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Ask Your Company to Pay for These 6 Work-From-Home Expenses
What felt like a temporary laptop-at-the-kitchen-table setup has become permanent — 42% of the U.S. workforce is working from home full-time. In the same survey by the Stanford Institute for Economic Policy Research (SIEPR), 65% of Americans reported not having sufficient internet service for workable video calls.
But before you break the bank for better internet speed consider that some employers are footing the bill for these setup costs. Shopify and Twitter both announced that remote employees will receive $1,000 for setting up a home office, while Chegg pays the monthly internet bill for its remote workers (along with $500 for other setups.)
Biron Clark, former executive recruiter and founder at CareerSidekick.com, assured us that, “Companies are saving quite a bit of money by having employees work from home (on office space, supplies, electricity, and more). So workers shouldn’t be shy about asking for financial help in setting up a productive, efficient home office. It’s appropriate to ask for an employer to pay for a desk, monitors, and any other equipment required to perform your job at a high level.”
6 items you can ask to expense
When setting up your home office, you can ask your employer for specific items or a general stipend. If you’ve already purchased some essentials, you can keep receipts and ask for a reimbursement.
- Internet. You can request your employer to pay for a portion of your internet connection if it’s essential for your job and especially if you’ve had to upgrade the package for a sufficient connection while working.
- Desk and chair. An ergonomic desk and chair can be essential for sustaining long days of work. If you don’t have a place to sit and work, it’s a reasonable request.
- Computer and/or monitor. Most workplaces provide their employees with a company computer. You can also request a second screen if it would improve your productivity.
- Headset/mic. Ask for this if your job involves a lot of phone calls or video conferencing, and you need something more extensive than your computer audio.
- Wifi router/VPN. You may need to upgrade your networking equipment if you work with security-sensitive information or suffer from laggy internet.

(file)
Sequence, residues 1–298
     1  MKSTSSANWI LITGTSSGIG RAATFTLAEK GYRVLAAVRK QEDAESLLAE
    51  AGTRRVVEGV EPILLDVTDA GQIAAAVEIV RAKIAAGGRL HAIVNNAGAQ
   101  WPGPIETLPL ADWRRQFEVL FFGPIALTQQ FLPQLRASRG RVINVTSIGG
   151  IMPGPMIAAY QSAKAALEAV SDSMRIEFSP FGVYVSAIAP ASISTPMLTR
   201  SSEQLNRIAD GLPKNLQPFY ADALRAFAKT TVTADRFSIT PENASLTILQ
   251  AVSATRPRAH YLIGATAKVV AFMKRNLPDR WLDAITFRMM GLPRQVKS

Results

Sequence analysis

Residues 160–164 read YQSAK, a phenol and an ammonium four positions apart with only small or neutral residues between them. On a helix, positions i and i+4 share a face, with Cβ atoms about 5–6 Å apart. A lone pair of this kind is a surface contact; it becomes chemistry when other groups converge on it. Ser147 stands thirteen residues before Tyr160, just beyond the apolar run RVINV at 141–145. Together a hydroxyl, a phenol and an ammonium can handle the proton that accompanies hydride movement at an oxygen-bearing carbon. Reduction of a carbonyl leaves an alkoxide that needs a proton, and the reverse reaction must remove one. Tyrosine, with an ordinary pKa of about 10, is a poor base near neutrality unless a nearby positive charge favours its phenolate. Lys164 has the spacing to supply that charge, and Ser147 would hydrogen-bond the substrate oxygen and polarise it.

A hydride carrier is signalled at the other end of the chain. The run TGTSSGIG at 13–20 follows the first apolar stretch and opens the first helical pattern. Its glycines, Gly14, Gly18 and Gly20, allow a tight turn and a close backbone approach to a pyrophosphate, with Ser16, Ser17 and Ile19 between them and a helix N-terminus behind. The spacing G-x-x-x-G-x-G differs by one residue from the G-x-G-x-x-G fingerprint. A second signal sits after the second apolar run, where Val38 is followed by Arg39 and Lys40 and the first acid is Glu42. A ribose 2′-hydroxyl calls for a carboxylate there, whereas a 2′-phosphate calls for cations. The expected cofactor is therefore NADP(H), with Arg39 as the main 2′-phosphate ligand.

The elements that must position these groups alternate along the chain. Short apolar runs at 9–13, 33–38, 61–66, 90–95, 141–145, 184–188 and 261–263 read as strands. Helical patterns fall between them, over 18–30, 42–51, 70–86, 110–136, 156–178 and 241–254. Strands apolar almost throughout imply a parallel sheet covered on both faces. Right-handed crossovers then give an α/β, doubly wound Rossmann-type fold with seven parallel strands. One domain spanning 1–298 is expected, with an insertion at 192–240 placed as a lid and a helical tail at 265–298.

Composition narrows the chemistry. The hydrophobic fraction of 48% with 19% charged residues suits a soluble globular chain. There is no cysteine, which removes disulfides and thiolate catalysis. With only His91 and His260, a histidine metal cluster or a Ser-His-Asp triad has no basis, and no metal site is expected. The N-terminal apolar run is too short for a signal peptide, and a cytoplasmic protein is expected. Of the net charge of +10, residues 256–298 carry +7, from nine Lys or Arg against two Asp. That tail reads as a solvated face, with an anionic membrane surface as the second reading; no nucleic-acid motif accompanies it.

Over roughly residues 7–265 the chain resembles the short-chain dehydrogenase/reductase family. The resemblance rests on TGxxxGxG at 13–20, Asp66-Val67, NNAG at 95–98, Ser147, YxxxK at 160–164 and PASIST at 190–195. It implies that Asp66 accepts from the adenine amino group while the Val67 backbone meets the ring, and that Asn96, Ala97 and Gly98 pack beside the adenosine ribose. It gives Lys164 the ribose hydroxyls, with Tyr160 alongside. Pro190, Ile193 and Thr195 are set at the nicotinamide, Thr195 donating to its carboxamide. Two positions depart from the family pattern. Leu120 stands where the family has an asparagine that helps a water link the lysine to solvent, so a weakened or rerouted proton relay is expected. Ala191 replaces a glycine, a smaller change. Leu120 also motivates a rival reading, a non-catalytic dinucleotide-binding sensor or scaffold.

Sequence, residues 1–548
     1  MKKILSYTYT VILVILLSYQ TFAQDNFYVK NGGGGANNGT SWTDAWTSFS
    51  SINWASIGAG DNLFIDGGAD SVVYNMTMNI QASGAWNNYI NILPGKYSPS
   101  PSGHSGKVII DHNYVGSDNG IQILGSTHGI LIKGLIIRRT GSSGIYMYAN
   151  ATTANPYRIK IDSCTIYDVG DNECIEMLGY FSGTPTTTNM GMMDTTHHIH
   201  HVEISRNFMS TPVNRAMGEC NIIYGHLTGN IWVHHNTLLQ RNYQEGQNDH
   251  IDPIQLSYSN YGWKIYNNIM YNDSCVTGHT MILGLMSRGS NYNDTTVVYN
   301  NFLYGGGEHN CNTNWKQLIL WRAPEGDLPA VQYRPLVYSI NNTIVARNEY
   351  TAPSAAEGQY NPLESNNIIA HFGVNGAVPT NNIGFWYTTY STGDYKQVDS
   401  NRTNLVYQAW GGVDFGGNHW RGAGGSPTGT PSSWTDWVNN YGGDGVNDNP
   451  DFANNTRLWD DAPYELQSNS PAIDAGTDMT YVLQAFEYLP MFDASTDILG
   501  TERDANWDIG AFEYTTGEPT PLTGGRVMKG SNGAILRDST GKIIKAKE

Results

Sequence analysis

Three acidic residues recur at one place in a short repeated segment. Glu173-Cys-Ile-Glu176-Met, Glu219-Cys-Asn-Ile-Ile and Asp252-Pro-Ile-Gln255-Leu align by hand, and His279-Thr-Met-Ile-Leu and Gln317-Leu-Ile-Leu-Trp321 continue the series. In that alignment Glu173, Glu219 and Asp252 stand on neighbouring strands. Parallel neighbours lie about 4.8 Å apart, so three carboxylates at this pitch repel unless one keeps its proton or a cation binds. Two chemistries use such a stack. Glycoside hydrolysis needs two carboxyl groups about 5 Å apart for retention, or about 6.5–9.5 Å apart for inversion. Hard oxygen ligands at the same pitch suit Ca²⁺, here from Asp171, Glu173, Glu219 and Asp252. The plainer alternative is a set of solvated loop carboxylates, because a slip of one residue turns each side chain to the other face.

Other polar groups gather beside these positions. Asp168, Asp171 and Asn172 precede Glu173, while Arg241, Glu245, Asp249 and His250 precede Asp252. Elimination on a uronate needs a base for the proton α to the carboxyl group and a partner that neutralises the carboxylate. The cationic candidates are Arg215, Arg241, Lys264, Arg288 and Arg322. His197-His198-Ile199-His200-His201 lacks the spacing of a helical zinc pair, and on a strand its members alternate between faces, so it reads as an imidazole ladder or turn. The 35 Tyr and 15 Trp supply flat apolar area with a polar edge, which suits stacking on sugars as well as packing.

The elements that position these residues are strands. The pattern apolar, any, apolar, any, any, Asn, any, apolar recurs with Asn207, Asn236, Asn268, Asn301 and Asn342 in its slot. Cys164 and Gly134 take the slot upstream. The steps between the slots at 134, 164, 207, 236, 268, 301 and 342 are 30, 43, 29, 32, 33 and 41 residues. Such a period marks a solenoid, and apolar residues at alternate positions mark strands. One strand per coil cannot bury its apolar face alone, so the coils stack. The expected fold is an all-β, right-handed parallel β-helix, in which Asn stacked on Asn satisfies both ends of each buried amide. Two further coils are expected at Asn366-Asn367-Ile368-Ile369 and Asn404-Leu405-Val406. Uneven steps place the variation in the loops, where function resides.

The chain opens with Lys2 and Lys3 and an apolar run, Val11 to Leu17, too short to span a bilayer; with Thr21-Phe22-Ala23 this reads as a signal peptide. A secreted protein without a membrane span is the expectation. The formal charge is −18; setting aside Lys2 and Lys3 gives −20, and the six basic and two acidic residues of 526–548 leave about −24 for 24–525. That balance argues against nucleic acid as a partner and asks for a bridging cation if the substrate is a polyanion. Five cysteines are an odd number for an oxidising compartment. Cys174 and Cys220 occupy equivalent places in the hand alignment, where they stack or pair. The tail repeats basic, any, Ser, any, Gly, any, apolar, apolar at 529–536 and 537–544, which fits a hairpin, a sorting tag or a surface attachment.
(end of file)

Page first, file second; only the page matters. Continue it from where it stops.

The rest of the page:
- Software. If you need access to Microsoft Office or Adobe Creative Suite to do your job, your company should fund that subscription.
Make the case for productivity
Make sure you can tie the item directly to your contribution to the company. Managers don’t want to see a negative impact on morale and work quality because you have to work from home, so they’ll probably be open to your request. Make it easy for them to agree by presenting a strong case for what you need.
Clark says, “Avoid talking about personal factors like debt and stick to business-related reasons. You’ll get better results if you present your request in terms of how it will make you more productive or efficient for the company.”
Mention what you’re accustomed to at work and describe the office set up you currently have at home. You can speak to the physical factors of working long hours for prolonged periods of time without an ergonomic set up. Or you can cite times when you’ve had trouble tuning in to a meeting because of your internet connection.
Be open to creative solutions
There are a few ways your company can help with your transition to working from home. They could purchase and ship your equipment themselves, or maybe they give you a one-time stipend to set up as you see fit. Perhaps they can give you an allowance for a portion of your internet bill. If providing funding for a home office set up isn’t on the table, maybe suggest they let you take home some of the equipment you used in your physical office — like a chair, monitor or desk.
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